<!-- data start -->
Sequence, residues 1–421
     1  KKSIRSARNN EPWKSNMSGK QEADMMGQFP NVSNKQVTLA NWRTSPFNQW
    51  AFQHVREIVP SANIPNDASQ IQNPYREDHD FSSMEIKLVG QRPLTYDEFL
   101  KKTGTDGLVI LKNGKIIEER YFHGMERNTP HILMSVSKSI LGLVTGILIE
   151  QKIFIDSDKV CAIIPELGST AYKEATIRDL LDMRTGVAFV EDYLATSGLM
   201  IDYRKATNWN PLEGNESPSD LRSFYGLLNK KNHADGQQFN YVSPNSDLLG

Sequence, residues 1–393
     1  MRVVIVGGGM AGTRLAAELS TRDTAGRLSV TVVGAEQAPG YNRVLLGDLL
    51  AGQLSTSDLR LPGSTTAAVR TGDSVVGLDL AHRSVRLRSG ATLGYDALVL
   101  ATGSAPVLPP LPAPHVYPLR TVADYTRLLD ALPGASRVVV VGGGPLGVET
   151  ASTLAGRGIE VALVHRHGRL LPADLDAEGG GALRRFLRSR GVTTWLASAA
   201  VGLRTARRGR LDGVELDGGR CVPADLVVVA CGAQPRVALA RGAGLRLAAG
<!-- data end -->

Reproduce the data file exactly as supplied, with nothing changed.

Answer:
Sequence, residues 1–421
     1  KKSIRSARNN EPWKSNMSGK QEADMMGQFP NVSNKQVTLA NWRTSPFNQW
    51  AFQHVREIVP SANIPNDASQ IQNPYREDHD FSSMEIKLVG QRPLTYDEFL
   101  KKTGTDGLVI LKNGKIIEER YFHGMERNTP HILMSVSKSI LGLVTGILIE
   151  QKIFIDSDKV CAIIPELGST AYKEATIRDL LDMRTGVAFV EDYLATSGLM
   201  IDYRKATNWN PLEGNESPSD LRSFYGLLNK KNHADGQQFN YVSPNSDLLG

Sequence, residues 1–393
     1  MRVVIVGGGM AGTRLAAELS TRDTAGRLSV TVVGAEQAPG YNRVLLGDLL
    51  AGQLSTSDLR LPGSTTAAVR TGDSVVGLDL AHRSVRLRSG ATLGYDALVL
   101  ATGSAPVLPP LPAPHVYPLR TVADYTRLLD ALPGASRVVV VGGGPLGVET
   151  ASTLAGRGIE VALVHRHGRL LPADLDAEGG GALRRFLRSR GVTTWLASAA
   201  VGLRTARRGR LDGVELDGGR CVPADLVVVA CGAQPRVALA RGAGLRLAAG